The short answer is No.
The longer answer is that many laptops have the CPU soldered into the motherboard. Even where the CPU is socketed, the motherboard chipset and BIOS would have to specifically support the new CPU, and laptop manufacturers aren’t in the habit of building in upgrade compatibility (or disclosing the details of the specification).
The only real prospect for upgrading is in a model line of laptops that is both socketed, and uses the same motherboard for a range of CPUs. In that case you may be able to get away with installing a higher CPU within that model line – if you could ever find a mobile CPU for sale. Needless to say, desktop CPUs will not work.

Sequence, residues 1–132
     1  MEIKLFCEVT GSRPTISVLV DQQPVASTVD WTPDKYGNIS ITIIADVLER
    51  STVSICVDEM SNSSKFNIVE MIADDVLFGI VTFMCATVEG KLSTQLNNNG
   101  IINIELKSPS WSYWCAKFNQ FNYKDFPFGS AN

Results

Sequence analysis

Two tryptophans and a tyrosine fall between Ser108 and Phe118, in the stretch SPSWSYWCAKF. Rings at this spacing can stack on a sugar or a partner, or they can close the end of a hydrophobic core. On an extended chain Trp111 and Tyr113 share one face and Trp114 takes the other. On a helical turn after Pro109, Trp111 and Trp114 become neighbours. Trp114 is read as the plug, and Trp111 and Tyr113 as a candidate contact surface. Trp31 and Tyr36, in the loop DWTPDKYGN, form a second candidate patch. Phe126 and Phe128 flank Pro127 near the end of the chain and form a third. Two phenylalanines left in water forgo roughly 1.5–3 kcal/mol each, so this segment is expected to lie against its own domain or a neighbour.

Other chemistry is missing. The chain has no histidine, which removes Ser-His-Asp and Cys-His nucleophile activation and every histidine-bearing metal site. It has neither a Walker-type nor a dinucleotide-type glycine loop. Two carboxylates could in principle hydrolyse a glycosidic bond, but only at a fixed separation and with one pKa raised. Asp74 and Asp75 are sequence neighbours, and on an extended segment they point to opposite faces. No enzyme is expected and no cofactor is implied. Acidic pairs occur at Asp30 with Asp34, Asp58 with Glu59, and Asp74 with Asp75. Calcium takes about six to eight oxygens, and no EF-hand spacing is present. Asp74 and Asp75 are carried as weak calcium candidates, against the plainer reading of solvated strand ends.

The other problem with laptops is that their battery, power systems and heat dissipation systems are engineered for specific CPUs and thermal outputs. If you put in a faster, hotter processor you are begging for failure.
As far as video cards go, 99.99% of the time you cannot upgrade the graphics card in a laptop machine
In most machines the graphics “card” is actually just a chipset that is soldered onto the motherboard, and cannot be modified. Very few machines use discrete Mini-PCIe cards or MXM cards for graphics. The cards are not commonly available; this company has a list of laptops they have upgraded http://www.mxm-upgrade.com/